Chile’s resource-based export boom and its outcomes: Regional specialization, export stability and economic growth
Year of Publication
Export specialization; Resource curse; Regional development; Dutch disease; Chile; Mineral exports
In the resource-based, export-driven and steadily growing economy of Chile, neither the revenues nor the negative effects of exports are distributed evenly in space. Accordingly, export specialization patterns in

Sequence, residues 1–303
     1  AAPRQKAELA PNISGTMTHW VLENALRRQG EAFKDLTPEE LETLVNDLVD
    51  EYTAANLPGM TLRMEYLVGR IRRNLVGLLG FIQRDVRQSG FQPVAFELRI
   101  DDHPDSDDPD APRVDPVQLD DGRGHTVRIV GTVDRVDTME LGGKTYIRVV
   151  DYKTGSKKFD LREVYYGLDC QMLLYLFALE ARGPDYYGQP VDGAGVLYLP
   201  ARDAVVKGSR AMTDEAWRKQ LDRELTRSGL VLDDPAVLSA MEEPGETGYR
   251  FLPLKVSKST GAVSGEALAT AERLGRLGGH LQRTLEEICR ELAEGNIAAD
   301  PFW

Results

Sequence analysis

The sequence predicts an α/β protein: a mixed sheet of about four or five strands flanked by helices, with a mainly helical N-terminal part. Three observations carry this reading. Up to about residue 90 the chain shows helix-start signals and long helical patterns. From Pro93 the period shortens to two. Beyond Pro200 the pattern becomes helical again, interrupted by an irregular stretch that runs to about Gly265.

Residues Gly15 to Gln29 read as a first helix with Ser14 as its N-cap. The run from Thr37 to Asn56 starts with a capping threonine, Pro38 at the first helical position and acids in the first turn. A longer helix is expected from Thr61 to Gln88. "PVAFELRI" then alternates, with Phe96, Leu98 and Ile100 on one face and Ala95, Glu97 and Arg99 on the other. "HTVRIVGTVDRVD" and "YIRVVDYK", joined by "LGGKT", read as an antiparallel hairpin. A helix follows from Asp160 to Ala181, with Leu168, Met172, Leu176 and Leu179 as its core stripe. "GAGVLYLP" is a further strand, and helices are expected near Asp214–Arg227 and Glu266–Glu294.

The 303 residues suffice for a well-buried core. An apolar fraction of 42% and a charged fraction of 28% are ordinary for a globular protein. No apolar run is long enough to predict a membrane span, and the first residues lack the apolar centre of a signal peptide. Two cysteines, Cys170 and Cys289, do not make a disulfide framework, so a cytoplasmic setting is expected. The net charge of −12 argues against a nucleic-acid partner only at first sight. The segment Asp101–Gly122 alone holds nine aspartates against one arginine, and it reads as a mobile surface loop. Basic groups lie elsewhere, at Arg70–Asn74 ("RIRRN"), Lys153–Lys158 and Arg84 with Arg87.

Chile must be analyzed on a regional scale to understand the relationships between export diversification, economic growth and dependency. We analyze how the degree of export specialization among Chile’s regions is linked to regional GDP growth and to regional export growth. Moreover, by taking a long-term perspective, we can evaluate these relationships during a phase of strong national currency and in the context of an external ‘‘shock’’. Our analysis applies the theoretical frameworks of the ‘resource curse’ and ‘Dutch disease’ on a regional geographical scale. We identify a tendency towards increased export specialization that is linked in part to high volatility of both GDP growth and export growth. There is also evidence of a growing dependence of Chilean regional economies on export trade. The 1991–2010 period covered by the analysis provides evidence of how external factors, such as high commodity prices and low US dollar exchange rates, foster specialization and weaken non-mineral exports in relative terms, especially in the highly specialized mineral-based regions of Chile. This result is consistent with the application of the Dutch disease thesis on a regional scale. Our analysis also shows the negative short-term effect of an external demand crisis on the mineral export sector and on highly specialized regions. The article concludes by emphasizing the need for a regional perspective on exports and on the effects of external factors within the country.
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